Entertainment Magazine

Review #3201: Doctor Who 2011 Christmas Special: “The Doctor, The Widow, and the Wardrobe”

Posted on the 27 December 2011 by Entil2001 @criticalmyth

Contributor: Gregg Wright

We’ve still got a long ways to wait before season 7 (or series 7, if you prefer) of “Doctor Who” arrives, but the 2011 Christmas special is already here. After the 2010 special, which was probably the best Christmas special of NuWho (I was slow to adopt this term, but I’m finding it rather useful), I thought that it was pretty unlikely that we’d get another one that would top it, or even equal it. This year’s special, which borrows some elements from “The Lion, the Witch, and the Wardrobe”, probably doesn’t reach either of those levels, but it does come surprisingly close to equaling last year’s stellar special. This was pretty much the best I could hope for, so I came away feeling very satisfied with “The Doctor, the Widow, and the Wardrobe”.

Review #3201: Doctor Who 2011 Christmas Special: “The Doctor, The Widow, and the Wardrobe”

The episode/special starts off with a very literal bang, as the Doctor makes his dramatic escape from an exploding ship in Earth’s orbit. The scene gets pretty ridiculous when the Doctor gets launched out into the vacuum of space and has to catch and put on a space suit before descending into Earth’s atmosphere. The scene is about as over-the-top as “Doctor Who” gets, and seems to defy reality in a number of ways. I think the sound in space issue is pretty forgivable. Everyone knows that there’s no sound in a vacuum, but we accept it anyway because the alternative is more difficult (but not impossible) to pull off.

Of course, the Doctor should be suffering from the many other effects of the vacuum of space, such as having his blood boil and the air rapidly expelled from his lungs, going blind from the hypoxia after about ten seconds, and then going unconscious (the topic of human exposure to the vacuum of space fascinates me, so I’ve done a lot of research on the subject). Somehow surviving a descent through Earth’s atmosphere and landing so hard, he creates a large crater, is even more difficult to fathom (though, the Doctor does describe the suit he’s wearing as an “impact suit”, and makes mention of the fact that it’s actively repairing him). But in “Doctor Who”, I’m willing to accept this kind of thing and simply enjoy the story.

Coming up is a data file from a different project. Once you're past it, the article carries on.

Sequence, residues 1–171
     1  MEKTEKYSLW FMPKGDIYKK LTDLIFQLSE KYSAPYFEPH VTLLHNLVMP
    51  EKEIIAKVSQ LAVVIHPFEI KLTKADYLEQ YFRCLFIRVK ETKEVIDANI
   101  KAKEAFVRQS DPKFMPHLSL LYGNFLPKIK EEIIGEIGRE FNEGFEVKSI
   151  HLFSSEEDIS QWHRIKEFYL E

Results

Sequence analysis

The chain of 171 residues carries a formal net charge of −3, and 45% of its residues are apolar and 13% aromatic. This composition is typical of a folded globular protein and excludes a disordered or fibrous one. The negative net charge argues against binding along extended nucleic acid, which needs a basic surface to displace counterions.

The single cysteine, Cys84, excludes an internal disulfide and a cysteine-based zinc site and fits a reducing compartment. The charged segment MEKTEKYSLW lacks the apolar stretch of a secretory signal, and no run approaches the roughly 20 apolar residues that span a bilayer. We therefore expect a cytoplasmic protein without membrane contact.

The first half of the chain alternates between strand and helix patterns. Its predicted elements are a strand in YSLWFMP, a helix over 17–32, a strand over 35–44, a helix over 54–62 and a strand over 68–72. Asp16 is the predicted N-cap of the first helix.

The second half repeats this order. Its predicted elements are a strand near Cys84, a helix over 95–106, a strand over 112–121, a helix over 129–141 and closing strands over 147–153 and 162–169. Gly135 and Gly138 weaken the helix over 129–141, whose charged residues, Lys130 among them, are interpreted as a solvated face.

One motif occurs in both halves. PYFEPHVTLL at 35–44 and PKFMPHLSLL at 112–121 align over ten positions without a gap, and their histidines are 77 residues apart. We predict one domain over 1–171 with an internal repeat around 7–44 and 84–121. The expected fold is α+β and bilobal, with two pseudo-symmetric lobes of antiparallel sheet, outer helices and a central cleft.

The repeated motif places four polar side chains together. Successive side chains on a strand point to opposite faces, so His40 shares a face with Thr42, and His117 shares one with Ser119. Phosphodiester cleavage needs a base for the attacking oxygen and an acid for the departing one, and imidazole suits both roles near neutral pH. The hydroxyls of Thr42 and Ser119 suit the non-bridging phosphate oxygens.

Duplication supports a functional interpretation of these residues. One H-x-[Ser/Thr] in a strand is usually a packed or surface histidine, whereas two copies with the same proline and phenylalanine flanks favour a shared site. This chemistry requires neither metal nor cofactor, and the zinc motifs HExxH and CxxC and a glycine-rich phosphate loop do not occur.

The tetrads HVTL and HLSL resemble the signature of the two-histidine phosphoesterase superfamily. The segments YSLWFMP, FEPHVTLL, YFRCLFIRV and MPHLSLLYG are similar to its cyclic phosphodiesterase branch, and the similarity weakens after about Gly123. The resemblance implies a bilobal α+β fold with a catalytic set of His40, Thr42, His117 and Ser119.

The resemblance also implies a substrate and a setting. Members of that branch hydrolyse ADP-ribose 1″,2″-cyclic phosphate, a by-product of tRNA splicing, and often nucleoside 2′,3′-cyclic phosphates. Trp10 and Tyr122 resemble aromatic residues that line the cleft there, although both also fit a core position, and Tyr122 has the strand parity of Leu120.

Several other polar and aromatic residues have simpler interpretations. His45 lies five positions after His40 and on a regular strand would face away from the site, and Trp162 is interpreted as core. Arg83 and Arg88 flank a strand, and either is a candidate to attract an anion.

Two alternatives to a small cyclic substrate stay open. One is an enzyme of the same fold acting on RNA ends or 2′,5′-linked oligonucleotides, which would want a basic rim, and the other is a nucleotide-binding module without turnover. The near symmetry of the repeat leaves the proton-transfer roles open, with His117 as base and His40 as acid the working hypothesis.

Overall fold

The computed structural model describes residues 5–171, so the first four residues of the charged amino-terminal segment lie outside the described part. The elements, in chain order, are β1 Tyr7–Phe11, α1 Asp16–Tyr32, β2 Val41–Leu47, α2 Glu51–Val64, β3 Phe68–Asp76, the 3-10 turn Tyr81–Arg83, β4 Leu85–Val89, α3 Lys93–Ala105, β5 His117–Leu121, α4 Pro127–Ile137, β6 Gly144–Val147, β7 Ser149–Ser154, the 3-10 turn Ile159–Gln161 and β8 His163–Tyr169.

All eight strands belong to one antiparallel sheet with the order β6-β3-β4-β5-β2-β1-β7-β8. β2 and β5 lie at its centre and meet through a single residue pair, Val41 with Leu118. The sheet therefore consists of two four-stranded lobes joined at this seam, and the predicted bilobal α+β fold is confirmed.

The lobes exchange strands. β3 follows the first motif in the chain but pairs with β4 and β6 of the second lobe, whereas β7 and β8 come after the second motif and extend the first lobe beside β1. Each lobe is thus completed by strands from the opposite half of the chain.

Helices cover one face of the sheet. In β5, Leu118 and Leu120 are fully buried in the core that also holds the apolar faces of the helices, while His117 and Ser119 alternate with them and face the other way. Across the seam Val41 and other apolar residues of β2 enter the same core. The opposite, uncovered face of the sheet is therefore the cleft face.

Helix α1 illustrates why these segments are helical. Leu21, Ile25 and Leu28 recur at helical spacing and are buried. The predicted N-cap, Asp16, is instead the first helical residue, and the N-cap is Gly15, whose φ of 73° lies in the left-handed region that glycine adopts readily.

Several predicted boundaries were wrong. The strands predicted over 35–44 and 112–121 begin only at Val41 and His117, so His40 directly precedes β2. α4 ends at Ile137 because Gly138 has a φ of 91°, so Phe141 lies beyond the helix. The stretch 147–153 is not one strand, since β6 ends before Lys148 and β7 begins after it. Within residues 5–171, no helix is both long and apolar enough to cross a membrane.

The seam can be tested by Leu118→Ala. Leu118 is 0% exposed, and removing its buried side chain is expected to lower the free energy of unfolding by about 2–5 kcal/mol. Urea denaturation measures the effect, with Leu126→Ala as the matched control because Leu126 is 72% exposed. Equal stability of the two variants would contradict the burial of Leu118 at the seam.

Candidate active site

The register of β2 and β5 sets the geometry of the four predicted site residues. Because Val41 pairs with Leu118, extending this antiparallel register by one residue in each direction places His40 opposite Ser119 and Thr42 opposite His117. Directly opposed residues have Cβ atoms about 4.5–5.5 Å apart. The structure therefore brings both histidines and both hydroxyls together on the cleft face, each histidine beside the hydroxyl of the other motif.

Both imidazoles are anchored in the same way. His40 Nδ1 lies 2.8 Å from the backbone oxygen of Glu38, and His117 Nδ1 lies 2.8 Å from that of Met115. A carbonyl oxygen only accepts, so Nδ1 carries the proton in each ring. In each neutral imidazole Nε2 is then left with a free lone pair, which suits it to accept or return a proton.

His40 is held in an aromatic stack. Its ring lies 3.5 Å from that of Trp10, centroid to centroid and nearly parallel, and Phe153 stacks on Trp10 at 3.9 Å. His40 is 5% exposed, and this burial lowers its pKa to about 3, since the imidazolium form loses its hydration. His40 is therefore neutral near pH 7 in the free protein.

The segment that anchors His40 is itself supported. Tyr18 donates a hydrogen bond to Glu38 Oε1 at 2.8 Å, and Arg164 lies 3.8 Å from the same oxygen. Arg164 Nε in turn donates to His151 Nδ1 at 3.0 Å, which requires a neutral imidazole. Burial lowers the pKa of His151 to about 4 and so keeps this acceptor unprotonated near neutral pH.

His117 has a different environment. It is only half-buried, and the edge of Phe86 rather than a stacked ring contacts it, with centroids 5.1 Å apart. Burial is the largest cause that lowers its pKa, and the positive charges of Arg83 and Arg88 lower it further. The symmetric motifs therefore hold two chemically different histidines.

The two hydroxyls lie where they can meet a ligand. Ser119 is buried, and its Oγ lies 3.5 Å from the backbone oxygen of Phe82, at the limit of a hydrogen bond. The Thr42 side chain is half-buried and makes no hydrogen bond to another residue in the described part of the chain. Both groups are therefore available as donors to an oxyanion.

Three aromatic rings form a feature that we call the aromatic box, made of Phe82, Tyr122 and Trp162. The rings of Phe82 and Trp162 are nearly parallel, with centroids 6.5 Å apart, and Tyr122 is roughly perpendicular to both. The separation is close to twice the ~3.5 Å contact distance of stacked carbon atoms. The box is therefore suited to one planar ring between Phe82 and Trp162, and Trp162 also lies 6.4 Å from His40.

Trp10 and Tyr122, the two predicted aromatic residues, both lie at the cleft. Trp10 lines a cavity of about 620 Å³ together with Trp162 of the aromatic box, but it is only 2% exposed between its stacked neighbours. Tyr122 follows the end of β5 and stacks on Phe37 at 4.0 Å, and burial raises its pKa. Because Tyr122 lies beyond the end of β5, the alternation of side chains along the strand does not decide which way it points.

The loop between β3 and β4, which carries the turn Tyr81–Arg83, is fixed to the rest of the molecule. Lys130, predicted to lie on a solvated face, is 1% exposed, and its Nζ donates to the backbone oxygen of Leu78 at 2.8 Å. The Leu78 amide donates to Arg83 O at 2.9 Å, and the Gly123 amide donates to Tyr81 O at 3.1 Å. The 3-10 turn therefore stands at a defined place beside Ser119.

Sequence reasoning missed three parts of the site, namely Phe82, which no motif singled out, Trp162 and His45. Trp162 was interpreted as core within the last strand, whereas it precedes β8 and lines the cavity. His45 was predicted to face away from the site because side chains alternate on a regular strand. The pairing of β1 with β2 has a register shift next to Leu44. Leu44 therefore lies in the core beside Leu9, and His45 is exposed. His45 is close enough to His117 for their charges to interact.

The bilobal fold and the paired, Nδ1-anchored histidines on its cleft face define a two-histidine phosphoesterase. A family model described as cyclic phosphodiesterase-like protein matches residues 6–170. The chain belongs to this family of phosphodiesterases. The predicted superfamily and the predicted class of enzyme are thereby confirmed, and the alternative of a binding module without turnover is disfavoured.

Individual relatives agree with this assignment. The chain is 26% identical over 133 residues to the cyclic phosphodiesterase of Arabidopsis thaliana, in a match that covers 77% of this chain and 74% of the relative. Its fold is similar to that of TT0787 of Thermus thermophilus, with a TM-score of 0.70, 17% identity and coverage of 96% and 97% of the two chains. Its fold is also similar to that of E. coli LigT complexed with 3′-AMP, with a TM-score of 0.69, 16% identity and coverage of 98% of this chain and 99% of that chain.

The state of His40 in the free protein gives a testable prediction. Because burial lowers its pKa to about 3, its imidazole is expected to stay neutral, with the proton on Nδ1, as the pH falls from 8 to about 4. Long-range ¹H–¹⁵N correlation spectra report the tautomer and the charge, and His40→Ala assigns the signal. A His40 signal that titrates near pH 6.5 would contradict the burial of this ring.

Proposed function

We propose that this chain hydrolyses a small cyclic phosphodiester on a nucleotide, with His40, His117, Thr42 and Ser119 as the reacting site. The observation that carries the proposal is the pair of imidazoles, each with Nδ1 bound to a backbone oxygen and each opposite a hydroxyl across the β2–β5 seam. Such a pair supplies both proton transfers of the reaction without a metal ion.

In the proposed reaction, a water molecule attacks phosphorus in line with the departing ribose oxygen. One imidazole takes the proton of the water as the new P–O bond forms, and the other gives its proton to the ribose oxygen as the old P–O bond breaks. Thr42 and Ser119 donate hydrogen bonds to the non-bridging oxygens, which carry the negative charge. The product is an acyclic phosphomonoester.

Once on the ground, the Doctor finds himself in London in the year 1938, where he is aided by the kindly Madge Arwell. As we all know, the Doctor is not the type to let such a deed go unpaid. Cut to three years later, and the Narnia story elements really begin to present themselves. It’s Christmas Eve, and Madge and her two children have been forced to leave London to escape the bombing and find another home for the time being. Unbeknownst to the children, Madge has just recently received word that her husband’s plane was reported lost over the English Channel, and she can’t bring herself to tell the children the bad news until Christmas is over. Sounds like the perfect time for the Doctor to pop in and try to make things right.